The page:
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Two military units get warm tributes on return to Maine

Troops honored in Saco, Augusta

SACO, Maine -- Members of two Maine military units that served in Iraq were honored in separate homecoming ceremonies during the weekend.

Members of the 94th US Army Reserve Military Police Company gathered yesterday for a tribute at Thornton Academy. The unit returned home earlier this month, 20 months after being deployed in December 2002.

Among those at the ceremony was Army Reserve Sergeant Curtis Mills, who was wounded last September when a bomb rocked his Humvee in an ambush in Iraq.

Mills, who works as a mail carrier in Sanford, underwent surgeries for multiple shrapnel wounds along the right side of his body and spent nearly 11 months in rehabilitation at the Walter Reed Army Medical Center in Washington.

The 94th is based in Londonderry, N.H., and has a Maine-based detachment in Saco. Members also come from Massachusetts and Rhode Island.

In Augusta, members of an Army National Guard unit were honored Saturday with words of encouragement, American flags, plaques, coins, lapel pins, and certificates for their work in Iraq.

More than 200 people filled the Augusta State Armory to pay tribute to the 28 soldiers from the guard's 133rd Engineer Battalion, who returned to the United States in June after more than a year of service.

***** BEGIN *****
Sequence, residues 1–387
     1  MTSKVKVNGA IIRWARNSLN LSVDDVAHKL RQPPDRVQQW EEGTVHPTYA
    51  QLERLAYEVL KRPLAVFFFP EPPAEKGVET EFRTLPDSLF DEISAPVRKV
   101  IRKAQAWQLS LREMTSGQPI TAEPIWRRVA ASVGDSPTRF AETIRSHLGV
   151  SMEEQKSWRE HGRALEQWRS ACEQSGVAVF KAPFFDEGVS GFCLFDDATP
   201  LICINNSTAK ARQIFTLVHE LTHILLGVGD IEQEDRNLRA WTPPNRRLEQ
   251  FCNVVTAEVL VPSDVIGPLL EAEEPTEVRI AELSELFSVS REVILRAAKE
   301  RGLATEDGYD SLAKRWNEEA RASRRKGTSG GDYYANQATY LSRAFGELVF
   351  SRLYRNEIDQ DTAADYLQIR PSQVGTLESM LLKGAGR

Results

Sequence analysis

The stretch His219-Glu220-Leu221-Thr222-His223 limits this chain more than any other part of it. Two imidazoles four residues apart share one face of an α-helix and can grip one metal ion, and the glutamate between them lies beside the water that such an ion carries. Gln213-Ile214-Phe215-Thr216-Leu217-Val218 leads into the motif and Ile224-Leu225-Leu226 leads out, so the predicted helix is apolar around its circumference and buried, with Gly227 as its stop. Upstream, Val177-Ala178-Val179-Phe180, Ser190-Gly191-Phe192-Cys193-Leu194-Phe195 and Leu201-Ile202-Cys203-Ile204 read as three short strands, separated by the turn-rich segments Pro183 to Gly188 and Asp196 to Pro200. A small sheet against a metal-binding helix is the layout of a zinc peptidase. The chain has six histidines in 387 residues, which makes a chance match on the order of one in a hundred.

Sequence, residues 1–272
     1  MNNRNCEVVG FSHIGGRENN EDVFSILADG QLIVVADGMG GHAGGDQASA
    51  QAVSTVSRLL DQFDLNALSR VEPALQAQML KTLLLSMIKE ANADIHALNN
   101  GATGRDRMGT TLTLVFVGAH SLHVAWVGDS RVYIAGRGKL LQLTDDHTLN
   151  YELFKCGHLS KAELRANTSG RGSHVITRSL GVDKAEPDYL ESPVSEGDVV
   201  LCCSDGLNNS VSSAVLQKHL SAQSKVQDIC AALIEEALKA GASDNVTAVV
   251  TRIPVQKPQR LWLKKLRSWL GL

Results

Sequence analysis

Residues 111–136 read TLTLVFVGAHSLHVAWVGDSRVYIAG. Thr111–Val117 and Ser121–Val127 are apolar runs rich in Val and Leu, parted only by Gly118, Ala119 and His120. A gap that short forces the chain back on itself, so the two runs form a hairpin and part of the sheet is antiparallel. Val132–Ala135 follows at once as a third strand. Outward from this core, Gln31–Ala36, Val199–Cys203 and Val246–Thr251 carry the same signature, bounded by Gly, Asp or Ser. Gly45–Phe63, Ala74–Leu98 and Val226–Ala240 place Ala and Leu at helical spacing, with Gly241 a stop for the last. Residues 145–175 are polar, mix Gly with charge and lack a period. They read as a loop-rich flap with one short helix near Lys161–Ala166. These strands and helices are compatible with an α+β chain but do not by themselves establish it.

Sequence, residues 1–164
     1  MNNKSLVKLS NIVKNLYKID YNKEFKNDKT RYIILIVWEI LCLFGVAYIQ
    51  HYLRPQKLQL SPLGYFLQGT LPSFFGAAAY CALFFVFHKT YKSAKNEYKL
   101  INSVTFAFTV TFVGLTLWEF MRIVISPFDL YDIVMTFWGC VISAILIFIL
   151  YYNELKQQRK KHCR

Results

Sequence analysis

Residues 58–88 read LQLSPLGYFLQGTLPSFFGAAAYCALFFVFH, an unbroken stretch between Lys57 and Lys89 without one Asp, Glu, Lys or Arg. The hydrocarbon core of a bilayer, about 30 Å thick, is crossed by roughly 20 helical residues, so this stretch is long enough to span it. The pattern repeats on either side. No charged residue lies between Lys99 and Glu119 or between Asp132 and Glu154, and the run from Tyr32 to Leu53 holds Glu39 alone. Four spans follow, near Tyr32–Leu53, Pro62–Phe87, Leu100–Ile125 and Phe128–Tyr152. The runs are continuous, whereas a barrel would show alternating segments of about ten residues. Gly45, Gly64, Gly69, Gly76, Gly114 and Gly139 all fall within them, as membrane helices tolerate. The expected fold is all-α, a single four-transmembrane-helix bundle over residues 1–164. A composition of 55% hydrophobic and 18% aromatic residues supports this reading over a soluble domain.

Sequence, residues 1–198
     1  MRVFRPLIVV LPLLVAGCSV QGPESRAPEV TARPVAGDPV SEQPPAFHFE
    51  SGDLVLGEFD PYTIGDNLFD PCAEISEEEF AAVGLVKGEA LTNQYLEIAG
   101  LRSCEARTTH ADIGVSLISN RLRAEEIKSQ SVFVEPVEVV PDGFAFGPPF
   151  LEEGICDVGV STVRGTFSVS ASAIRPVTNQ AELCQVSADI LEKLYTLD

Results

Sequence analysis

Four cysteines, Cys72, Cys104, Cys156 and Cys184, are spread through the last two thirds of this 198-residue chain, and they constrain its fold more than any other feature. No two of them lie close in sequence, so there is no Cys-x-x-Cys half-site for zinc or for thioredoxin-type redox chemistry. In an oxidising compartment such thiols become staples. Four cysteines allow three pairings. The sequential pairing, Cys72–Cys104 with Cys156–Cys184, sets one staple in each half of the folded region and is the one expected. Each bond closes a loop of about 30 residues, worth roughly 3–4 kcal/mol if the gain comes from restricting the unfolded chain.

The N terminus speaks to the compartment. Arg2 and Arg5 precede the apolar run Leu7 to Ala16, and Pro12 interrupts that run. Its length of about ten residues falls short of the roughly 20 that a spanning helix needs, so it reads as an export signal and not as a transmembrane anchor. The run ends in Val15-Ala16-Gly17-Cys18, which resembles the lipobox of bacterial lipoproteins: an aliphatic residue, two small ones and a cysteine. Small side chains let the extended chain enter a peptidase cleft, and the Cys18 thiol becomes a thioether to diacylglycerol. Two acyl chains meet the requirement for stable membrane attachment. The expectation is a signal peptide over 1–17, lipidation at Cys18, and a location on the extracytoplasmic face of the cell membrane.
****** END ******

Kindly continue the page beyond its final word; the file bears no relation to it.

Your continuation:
Brigadier General John ''Bill" Libby, Maine National Guard commander and a Vietnam War veteran, told the soldiers that adjusting to civilian life will take time. He urged them to look forward and enjoy the time with their families.

''It will take years to transition," Libby said.

The 28 men and women were deployed in May 2003 separately from the rest of their battalion, to support a combat engineer battalion from Georgia. The units rebuilt roads, public buildings, and infrastructure in Iraq.

US Representative Thomas Allen, a Maine Democrat, said Maine residents appreciate the efforts of American soldiers in Iraq and Afghanistan even if they disagree with the Bush administration's policies there. He said that when US soldiers returned from Vietnam, they were often associated with the politics of war.

''That hasn't happened this time," Allen said.

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